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“Rex Radley: Boy Adventurer” #1 And #2 Is A Vibrant Action Adventure

rex radley

For many of us – childhood is a time of imagination and adventure. Tiny plastic vehicles race through futuristic cities; toys are the star-studded cast of unlikely playroom blockbusters like Barbie versus Velociraptor; sandcastles become fortresses and the bathtub is an ocean. For Rex Radley, these escapades take him far from the classroom and across the planet. The monsters and robots in his world are very real indeed.

Writer and colourist Winston Gambro creates a vibrant series of short stories in Rex Radley: Boy Adventurer. Rex is a borne-adventurer. The son of two estranged scientists; his father is American physicist Alan Radley who travels with a cavewoman bodyguard from another dimension, and his mother is Japanese defence researcher Rin Hashimoto who protects Japan with her mech Superobotto. The combination of these elements is as wacky on paper as it sounds. But hey—it works! I enjoy the way that the stories alternate between each parent. Both sides of Rex’s life have equally high stakes, amidst the mundane tasks of homework and chores. Not your typical eleven-year-old; he fends off masked Japanese crime organisations while home alone. He’s a likeable character that can hold his own against the adults surrounding him.

The comic follows a monster-of-the-week format favoured by many sci-fi and fantasy TV series. Creations such as the Dinosaurians and the Mole Men are fun opponents for the Radleys. I particularly like the Dinosaurian leader, Prince Dragus. He’s has that classic animated villain energy. Some of his lines wouldn’t be out of place for a pantomime. The opening and closing narration that Gambro uses to introduce some of the stories also makes me nostalgic for shows such as the original Pokémon anime.

A particularly strong element of Rex Radley is its sense of humour. Gambro often breaks the fourth wall; telling readers to “see issue…” then stating “I’m pretty sure that doesn’t exist”. He parodies the long-running nature of many classics and jokes about characters and organisations being poorly-named. For example, the UK convention named “Techloncon”; this reminds me of the odd villain names from Batman such as Polka Dot Man and Egghead. These tropes help add a sense of continuity to the comic. Regardless, the stories remain enjoyable even as individuals.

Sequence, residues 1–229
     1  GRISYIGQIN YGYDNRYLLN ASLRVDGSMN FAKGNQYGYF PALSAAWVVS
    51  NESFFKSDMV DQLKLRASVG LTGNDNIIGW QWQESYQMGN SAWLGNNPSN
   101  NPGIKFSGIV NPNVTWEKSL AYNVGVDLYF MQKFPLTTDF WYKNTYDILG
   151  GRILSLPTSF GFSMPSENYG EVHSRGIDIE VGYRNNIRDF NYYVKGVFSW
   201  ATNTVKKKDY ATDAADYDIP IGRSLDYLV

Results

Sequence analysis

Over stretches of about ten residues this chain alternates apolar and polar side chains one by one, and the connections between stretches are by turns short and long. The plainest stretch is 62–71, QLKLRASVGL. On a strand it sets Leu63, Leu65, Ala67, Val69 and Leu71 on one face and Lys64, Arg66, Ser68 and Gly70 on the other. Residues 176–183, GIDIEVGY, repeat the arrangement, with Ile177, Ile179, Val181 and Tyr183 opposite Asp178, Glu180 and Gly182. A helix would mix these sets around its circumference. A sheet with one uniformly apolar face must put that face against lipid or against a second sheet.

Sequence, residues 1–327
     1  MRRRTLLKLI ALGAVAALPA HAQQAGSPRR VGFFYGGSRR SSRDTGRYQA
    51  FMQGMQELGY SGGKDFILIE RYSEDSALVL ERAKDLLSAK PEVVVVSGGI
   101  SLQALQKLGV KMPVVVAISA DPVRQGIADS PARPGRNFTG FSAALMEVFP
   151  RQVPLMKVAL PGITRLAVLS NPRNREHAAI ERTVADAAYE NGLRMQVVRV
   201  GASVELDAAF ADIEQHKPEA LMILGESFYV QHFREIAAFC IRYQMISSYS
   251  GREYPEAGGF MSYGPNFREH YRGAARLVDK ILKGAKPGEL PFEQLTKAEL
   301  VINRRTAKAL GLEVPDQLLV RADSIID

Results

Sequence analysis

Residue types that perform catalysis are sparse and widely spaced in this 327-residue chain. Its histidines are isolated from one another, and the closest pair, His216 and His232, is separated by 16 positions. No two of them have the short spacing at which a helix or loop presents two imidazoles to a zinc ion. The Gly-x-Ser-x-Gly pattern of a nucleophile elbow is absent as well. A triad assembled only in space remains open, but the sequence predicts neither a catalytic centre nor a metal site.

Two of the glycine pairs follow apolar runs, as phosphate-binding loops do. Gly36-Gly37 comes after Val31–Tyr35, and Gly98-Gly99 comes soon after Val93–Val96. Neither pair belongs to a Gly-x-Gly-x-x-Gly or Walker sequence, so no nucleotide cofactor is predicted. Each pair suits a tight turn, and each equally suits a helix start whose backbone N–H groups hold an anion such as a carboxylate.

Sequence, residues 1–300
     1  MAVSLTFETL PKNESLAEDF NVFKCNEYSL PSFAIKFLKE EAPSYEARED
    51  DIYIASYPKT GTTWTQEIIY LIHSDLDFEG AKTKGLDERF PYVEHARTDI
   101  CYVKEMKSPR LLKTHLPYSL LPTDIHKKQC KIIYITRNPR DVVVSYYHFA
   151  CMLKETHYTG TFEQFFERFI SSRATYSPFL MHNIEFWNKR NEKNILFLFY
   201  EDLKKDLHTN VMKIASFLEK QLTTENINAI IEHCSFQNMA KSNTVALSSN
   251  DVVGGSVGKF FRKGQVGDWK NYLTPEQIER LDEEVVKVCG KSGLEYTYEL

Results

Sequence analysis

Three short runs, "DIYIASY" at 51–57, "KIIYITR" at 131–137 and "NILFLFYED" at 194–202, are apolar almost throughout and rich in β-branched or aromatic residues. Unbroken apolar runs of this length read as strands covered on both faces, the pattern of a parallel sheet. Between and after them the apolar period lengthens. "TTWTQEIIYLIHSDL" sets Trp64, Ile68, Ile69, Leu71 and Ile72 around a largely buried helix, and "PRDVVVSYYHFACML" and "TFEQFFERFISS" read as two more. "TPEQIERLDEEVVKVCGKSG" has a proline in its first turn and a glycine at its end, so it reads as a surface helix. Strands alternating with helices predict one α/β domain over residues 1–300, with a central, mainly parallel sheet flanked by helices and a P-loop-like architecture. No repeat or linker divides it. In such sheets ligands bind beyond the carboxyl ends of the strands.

Rex Radley is supposedly suitable for young readers. But worry not, some of its jokes and references are a special treat for us adults. Much like a good Pixar movie, there is something here for everyone. My favourite example is the line “Kids, ask your parents who Barry White is”. Also, the moment when Rex’s mother Rin questions why she gave an AI an anxiety function is comedy gold. It catches me off guard and really makes me laugh. The comic never takes itself too seriously – the sound effect label reminding us that there’s no sound in space is a great touch.

When it comes to artwork, Gambro collaborates with seven artists on pencils and inks across the two issues and its eight stories. They are Leandro Panganiban, Paul Williams, Christine Hipp, Jey Pawlik, Nico Gamboa, Sebastian Sala and Rachel Disler. This is an interesting choice that finds common ground in Gambro’s character designs. For the most part, it works. The characters are recognisable, and the different styles allow room for each artist to make their mark. Your favourite will depend on personal taste. A highlight of mine is Panganiban’s artwork in “Turtle Trouble”; the details of Superobotto and the monster really bring the story to life. Gambro’s use of colour throughout the comic is another highlight. He uses vivid tones that jump off the page and emphasise the mysterious creatures and locations.

Overall, I really like Rex Radley. It’s a fun action adventure series that appeals to the 90s kid in me. It captures all the excitement of classics such as Power Rangers and the cartoons of my youth. Gambro creates a real lived-in world for Rex within a short space of time. I love that he includes behind the scenes artwork and development; it gives the reader an insight into the process. I look forward to seeing what colourful adventures Rex gets up to next!

Are you a fan of larger than life adventures? Do you like your action with a side of sci-fi? You can check out Rex Radley Boy Adventurer #1 and #2 over at Gumroad. Check it out and tell us what you think of Rex Radley and his adventures via our Facebook and Twitter!

About the author

Michael Dobbinson